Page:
In the week that we had only the second change of government in three decades, the economic challenge facing the new Conservative-Liberal Democrat administration was made stark when unemployment data showed that the number out of work in the UK had risen by 53,000 to 2.51 million, a level last seen in 1994.
In Wales, we now have 133,000 people who are officially unemployed, an increase of 57,000 since 2008.
So what is to be done to turn around this recession?
Not surprisingly, reducing the budget deficit is to be given priority, there seems to be very little detail in the agreement between the two parties on what the Government will do to promote growth within the economy, although there was plenty of potential policies on entrepreneurship, financing of businesses, innovation and the development of the green economy in both parties’ manifestos.
This may suggest that there is scope for further policy development, especially when many are asking what can be done to support job creation in this country, particularly within the private sector.
During the next month, the Western Mail will be launching the twelfth Wales Fast Growth 50 competition. The aim of the project, yet again, will be to identify those businesses that have demonstrated growth in sales and employment and have the greatest potential for further growth in the future.
Since launching the Fast Growth 50 in 1999 I have emphasised, time and time again, the need for policymakers to focus on supporting such companies if we are to grow the Welsh economy, a plea that has largely fallen on deaf ears within the Welsh Assembly Government (WAG).
Yet, a recent report suggests that fast growing entrepreneurial companies are those that have the greatest potential for job creation. A study released last week by Ernst and Young’s Item Club (hat-tip A Change of Personnel) concluded that it was vital that public policy is geared up to tap into the employment and GDP growth potential of the UK’s fastest growing companies.
The special report, “Entrepreneurs: powering job creation in the UK”, showed that fast growth businesses – those that start with a workforce of at least ten people and increased this by over 20 per cent per year for at least three years – created over 1.3 million jobs in the last economic upturn between 2005 and 2008.
Indeed, as the authors emphasise, whilst the case for increasing greater entrepreneurship in the economy in undeniable, there is a strong case for supporting those companies that have grown after several years of consolidation, and that are able to achieve the levels of sustained fast growth that disproportionately contributes to output and employment and ultimately the growth of the UK economy.
To a large extent, it will be a stable tax policy coupled with a more benign regulatory environment that will allow such companies to grow quickly as we move out of recession.
The commitment of the Conservatives, within their manifesto, to create the most competitive tax system amongst G20 nations within five years by cutting the rate of corporation tax and simplifying the tax system will be welcomed by all businesses.
However, that is just one step in the right direction.
If we are to encourage those small businesses with the highest potential to grow further, then funding must be made available to those mid-sized businesses to get the finance required for further expansion.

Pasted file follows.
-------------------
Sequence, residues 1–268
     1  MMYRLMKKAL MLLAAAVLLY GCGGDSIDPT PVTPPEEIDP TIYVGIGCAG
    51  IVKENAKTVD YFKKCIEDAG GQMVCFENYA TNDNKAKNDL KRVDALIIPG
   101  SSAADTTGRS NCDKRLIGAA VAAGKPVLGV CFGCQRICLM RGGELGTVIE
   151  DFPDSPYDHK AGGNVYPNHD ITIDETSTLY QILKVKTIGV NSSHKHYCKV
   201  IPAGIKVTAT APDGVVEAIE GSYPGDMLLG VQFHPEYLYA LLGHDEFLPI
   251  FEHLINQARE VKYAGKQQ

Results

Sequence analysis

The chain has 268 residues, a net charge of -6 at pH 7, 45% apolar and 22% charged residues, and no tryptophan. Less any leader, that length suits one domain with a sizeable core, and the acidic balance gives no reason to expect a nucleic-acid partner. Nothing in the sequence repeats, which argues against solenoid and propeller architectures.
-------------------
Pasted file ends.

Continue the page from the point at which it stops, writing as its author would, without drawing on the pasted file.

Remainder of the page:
That is why it was encouraging to see the Liberal Democrat support for financial mechanisms such as Regional Stock Exchanges, which could be a route for high potential businesses to access equity funding critical for growth without the heavy regulatory requirements of a London listing.
Does the development of such policies at a UK level call into question the effect of devolved administration on the growth of the economy?
Given that there was a stark commitment from the Conservative Party to “increase the private sector’s share of the economy in all regions of the country, especially outside London and the South East”, will it only be policies from Westminster, rather than Cardiff Bay, that will really begin to make the difference to the Welsh economy?
I sincerely hope not, as I am a strong believer that devolution could, and should, lead to the development of more innovative local solutions that can help drive forward the Welsh economy. The problem is that there is little evidence of this happening on the ground, especially given the fact that Wales seems to have been hit hardest when it comes to job losses during the recent economic downturn, suggesting that many of the policies developed during the last decade were largely unsustainable.
Certainly, the case can be made that, during the last three years, there has been a clear policy vacuum when it comes to growing the business sector in Wales.
With the exception of ProAct, which has focused largely on supporting jobs within large companies, there seems to be have been little attention in supporting those businesses with the greatest growth potential, especially at a time when they needed that support.
Rather than targeting ways in which to grow the economy, our government has instead put its energies into developing a bureaucratic nightmare for businesses to access support.
Despite the warm words of politicians, any “economic renewal programme” will, unfortunately, not change the fundamental philosophy of business support in Wales where process comes before potential, form filling takes precedent over innovation, and avoidance of risk is the overwhelming mantra of policymakers.
Clearly, macroeconomic policies at a UK level will play a large part in securing the future recovery of Wales, but there could and should be a major role for WAG if it finally realises that helping the private sector to grow is not about the administration and bureaucracy of the business support process, but about releasing and realising the entrepreneurial potential of our growth businesses across Wales.